Over the past fortnight I have been fortunate to present the Sky Scenario to a number of different audiences in Doha, Delhi, Singapore and Canberra. Irrespective of the audience and location, questions always emerged around rates of transition in Sky and more often than not the question referred to the emergence of a hydrogen economy. In all cases, there was surprise that the emergence in the scenario is not as fast as expected.
Hydrogen is an important energy carrier in Sky and its presence solves many issues associated with hard to abate sectors. This includes aviation, heavy industry and road freight. For example and as noted in a recent post, hydrogen can be used instead of coal for reducing ores to metals in the metallurgical industry. But within Sky, these solutions take some decades to emerge and don’t really grow to meaningful scale until well into the second half of the century.
This then raises the question of the rate of deployment of a new energy technology. Historically, new energy technologies can take 30 years to move from first application to meaningful deployment, which in turn may be as little as one percent of the system. It is only when such a level is reached that the true future potential of the technology starts to become apparent. The analysis behind this finding was conducted by members of the Shell Scenario team back in 2008-2009 and subsequently published in Nature magazine (No Quick Switch to Low-Carbon Energy – Nature 462 – 3 Dec 2009 – Kramer and Haigh).
As an example, solar PV (photovoltaic cells) started its long journey back in the late 1970s and is only now building towards 1% of global energy demand, although within the electricity sector its contribution is approaching 4%. That is a 30+ year journey to scale. Wind has followed a similar path. Electric vehicles have had many false starts, including a large scale false start around the turn of the last century which was soon eclipsed by the Ford Model T. The pathway for nuclear was exceptional; it emerged from projects in the Second World War and developed quite rapidly from the early 1960s, but has remained largely static during this century at 5% of the global energy mix. The time from the first nuclear reactor in 1942 to 1% of global electricity generation was only 20 years.
But why so long? Take for example the potential application of hydrogen in iron ore smelting instead of the traditional use of coal. The chemistry of the process is well understood, but not a single demonstration of the process exists. However, a consortium of northern European companies have announced the planned construction of a pilot plant, with a view to have an operational process by 2035. Should this be successful, the first commercial scale plant may then be considered, which in turn will take some time for design, funding, decision and then construction. Future deployment by other companies may rest on a ‘wait-and-see’ decision following the start-up of such a first facility.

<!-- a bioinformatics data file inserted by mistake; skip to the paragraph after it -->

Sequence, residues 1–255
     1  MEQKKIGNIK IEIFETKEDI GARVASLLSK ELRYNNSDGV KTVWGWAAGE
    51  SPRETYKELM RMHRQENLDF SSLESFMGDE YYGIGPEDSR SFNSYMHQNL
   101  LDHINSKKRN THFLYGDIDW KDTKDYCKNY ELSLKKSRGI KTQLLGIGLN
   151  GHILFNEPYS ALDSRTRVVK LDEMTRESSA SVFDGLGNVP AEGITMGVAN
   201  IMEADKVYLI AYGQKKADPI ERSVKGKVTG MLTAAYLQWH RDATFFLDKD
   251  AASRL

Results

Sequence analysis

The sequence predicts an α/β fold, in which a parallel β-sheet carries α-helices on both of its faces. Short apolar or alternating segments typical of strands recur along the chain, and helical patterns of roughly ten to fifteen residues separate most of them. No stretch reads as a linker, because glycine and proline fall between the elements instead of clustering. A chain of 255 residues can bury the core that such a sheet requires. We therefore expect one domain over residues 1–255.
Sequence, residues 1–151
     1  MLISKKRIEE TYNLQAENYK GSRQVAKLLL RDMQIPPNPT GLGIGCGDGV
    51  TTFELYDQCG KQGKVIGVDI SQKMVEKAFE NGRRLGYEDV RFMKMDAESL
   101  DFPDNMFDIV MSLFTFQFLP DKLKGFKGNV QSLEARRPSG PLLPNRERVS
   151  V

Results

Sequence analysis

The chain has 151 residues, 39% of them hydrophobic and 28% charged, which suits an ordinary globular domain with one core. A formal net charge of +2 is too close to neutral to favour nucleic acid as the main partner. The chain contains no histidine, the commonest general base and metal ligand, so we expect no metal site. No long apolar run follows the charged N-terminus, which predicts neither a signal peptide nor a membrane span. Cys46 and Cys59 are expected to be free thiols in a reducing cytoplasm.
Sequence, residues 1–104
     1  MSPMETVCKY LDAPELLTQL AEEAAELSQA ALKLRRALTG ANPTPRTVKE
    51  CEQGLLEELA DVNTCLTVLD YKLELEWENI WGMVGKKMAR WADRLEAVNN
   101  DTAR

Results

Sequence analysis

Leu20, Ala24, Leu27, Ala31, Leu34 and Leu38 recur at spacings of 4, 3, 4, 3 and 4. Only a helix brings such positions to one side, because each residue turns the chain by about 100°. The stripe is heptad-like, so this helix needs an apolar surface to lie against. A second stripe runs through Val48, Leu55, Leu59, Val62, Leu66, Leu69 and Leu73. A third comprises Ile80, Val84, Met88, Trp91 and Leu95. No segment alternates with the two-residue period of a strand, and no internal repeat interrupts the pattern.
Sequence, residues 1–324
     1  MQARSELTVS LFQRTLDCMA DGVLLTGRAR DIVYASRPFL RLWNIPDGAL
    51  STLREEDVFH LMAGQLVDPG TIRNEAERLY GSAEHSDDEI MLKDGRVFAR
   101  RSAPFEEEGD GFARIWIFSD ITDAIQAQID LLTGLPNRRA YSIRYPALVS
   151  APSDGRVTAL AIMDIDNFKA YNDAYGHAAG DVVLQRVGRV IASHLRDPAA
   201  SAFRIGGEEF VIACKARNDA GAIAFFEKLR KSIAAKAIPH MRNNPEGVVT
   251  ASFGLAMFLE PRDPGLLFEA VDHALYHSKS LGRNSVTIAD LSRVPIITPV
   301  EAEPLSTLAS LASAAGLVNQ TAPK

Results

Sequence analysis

While the number of large blast furnaces in the world is in the dozens, it would still take many years to replace them all. In Sky, the heavy industry sector that utilises hydrogen begins to emerge after 2045, which aligns with the above consideration of suitable process designs being ready by the late 2030s and construction proceeding from that point in time. Between 2055 and 2080 the sector grows by a factor of six, which represents a rapid transition to the new technology.
The same may be true of a sector such as aviation, but possibly with an even later start. Aviation is completely dependent on energy dense hydrocarbon fuels, although there is some discussion of electric planes for very short haul routes. Hydrogen might emerge as a fuel for long-haul aviation and in Sky, we imagined that this would be the case. There has been some research over the years, but apparently very little at the moment. A Google search in the UK throws up a 2010 BBC report that notes hydrogen propulsion had been shelved completely by plane makers in favour of biofuels and continued efficiency improvements, although the same search also reveals a company in Singapore attempting development of a small test plane. While synthetic hydrocarbon fuels of some description may win the day in aviation, there is always the possibility of another contender emerging, but probably not yet. In Sky a first intercontinental hydrogen prototype flies in the 2040s, but scaled investment and use of hydrogen in aviation doesn’t commence in earnest until the 2050s. This is perhaps the earliest such deployment could be envisaged given the current state of development.
The thinking around transition timing discussed above is built into the Sky scenario, but it has also been pushed where possible to obtain the fastest possible transition. Big systems take time to change and major investments in emerging energy technologies come with caution and a lower appetite for risk. One aspect favouring this transition is the potential fragmentation of the energy system into smaller systems, including microgrids, local processing of waste and biomass (where local collection favours a smaller scale business model) and perhaps even technologies such as small modular nuclear reactors. Each of these can be built with smaller individual investments, negating the more cautious big investment approach.
Note: Scenarios are not intended to be predictions of likely future events or outcomes and investors should not rely on them when making an investment decision with regard to Royal Dutch Shell plc securities. Please read the full cautionary note in www.shell.com/skyscenario.